A more structured syllabus must be put in place for CPC courses, according to Pauline. She believes Driver CPC can be treated like a tick box exercise by some and claims there is a need for ‘some sort of testing’ to be implemented in them.
Trainers and supervisors
Two areas where Alec Horner of Minimise your Risk has noticed that there may be a skills gap in the industry are supervisors and trainers. He believes these shortages are due to there having never been any National Occupational Standards for these categories. He highlighted there are currently no formal accreditations or qualifications for either roles. However, he notes National Occupational Standards have now been drawn up by the industry through CPT and People 1st for both. Alec said, ‘Through the Association of Trainers, we would like to see an accreditation of trainers established through an “awarding body” so that there is a nationally recognised standard, which could also be similarly applied to supervisors.’
Iain MacBrier at QV Associates finds the problem is not so much about a gap in skills, he sees the issue as being the planning of training. His company focuses on training transport professionals in scheduling and service planning, quite a ‘techy’ subject in his words. The nature of this means that if he sees a customer ‘every five years, then they are a regular for us’. He says operators are aware they need these technical skills, but he often sees that it is only when someone with these abilities comes up to retirement that there is ever any thought given to training someone else in them. He noted that one operator has realised this is an issue and now trains half a dozen of its staff in these skills, yet only puts three of them into the work. This technique, he says, ensures there is a ready supply of ‘spare’ schedulers.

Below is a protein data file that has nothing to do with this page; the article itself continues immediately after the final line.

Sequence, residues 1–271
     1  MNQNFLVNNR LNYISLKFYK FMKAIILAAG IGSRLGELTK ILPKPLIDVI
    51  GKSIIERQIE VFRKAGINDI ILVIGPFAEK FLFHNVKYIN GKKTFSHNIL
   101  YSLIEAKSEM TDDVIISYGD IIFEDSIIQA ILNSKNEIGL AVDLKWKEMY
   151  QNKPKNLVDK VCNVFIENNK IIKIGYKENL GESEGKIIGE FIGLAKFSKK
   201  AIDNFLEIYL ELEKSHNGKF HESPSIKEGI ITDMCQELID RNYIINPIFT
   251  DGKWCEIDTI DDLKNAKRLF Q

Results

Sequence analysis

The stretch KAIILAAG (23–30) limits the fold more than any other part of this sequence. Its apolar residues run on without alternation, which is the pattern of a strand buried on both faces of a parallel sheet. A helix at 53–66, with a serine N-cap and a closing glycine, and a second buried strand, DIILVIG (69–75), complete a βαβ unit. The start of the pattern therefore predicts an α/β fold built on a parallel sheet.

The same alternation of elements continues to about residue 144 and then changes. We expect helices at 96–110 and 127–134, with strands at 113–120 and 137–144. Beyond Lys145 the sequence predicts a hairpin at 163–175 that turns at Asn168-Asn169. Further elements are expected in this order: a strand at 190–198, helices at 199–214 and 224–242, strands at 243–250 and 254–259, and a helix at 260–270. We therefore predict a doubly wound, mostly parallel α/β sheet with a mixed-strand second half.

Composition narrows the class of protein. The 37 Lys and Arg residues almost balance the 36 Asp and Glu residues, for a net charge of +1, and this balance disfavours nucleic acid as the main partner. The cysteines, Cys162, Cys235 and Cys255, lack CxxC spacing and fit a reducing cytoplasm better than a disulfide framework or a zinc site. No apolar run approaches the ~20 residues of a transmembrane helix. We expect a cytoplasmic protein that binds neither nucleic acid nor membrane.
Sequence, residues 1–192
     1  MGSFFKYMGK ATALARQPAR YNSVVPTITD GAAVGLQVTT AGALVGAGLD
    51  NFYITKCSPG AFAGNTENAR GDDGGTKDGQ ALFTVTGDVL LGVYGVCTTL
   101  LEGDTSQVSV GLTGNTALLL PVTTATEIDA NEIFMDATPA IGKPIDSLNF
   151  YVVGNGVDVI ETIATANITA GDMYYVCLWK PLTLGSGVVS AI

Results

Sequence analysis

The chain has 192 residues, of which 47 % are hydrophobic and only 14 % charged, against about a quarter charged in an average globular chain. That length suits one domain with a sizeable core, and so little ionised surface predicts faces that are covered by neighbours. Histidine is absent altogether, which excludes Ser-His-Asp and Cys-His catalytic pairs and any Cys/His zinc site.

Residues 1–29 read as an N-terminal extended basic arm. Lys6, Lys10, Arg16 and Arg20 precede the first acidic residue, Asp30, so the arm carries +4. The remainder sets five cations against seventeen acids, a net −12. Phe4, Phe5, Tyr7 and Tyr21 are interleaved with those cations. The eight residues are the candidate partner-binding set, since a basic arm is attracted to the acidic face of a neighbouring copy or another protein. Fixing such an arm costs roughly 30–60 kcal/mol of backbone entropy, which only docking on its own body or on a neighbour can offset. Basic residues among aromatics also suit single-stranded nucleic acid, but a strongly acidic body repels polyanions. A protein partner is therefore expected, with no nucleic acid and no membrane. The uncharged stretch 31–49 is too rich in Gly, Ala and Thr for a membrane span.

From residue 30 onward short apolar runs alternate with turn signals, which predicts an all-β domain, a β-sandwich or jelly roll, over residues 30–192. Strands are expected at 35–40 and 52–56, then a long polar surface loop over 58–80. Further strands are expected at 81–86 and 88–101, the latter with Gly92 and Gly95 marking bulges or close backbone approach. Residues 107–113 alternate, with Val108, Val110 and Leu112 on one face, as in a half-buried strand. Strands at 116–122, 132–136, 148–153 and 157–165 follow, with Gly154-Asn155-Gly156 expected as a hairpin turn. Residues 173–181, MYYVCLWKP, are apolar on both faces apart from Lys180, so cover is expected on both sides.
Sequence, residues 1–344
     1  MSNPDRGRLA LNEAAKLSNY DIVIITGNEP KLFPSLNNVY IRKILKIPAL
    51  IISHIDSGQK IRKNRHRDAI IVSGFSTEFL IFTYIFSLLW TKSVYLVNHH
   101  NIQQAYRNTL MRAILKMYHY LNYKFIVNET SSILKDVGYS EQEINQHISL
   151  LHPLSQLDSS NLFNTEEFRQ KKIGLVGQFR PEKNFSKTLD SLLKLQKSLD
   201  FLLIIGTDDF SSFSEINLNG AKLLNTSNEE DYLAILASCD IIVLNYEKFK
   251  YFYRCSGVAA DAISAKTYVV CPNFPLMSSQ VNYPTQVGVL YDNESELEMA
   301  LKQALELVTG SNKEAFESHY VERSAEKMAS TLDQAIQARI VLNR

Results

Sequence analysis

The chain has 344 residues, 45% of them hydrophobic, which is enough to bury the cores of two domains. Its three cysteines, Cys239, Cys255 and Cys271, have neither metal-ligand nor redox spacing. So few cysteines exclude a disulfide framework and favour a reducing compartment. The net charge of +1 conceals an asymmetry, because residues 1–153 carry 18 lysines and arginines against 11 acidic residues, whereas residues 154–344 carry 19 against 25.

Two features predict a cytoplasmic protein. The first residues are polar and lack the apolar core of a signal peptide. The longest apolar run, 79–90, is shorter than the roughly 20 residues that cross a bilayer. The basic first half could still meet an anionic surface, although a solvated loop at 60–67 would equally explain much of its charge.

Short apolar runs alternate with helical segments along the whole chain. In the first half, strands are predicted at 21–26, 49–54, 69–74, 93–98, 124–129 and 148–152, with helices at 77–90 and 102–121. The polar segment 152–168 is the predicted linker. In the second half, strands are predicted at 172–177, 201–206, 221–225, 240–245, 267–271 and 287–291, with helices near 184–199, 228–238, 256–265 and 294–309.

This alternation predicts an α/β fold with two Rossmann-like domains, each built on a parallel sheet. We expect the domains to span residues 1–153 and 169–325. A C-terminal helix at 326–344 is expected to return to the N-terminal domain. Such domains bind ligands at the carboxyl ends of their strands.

Acknowledging the lack of drivers in the industry, John McLachlan of Sibbald Training said driving courses are always a popular option. In terms of Driver CPC courses, he has noticed there is a great requirement for First Aid courses, especially ones like his company’s where learners gain their seven hours training and a separate First Aid certificate. Safe urban driving is an area he sees there is a lot of demand for, in particular tuition for dealing with cyclists coming up on the left side of a vehicle is commonly requested. John suggests it would be a good idea to develop a curriculum for CPC courses, which he says would take away the stigma it has of being a ‘tick box’ practice. He also mentioned his firm is offering half price driver medicals.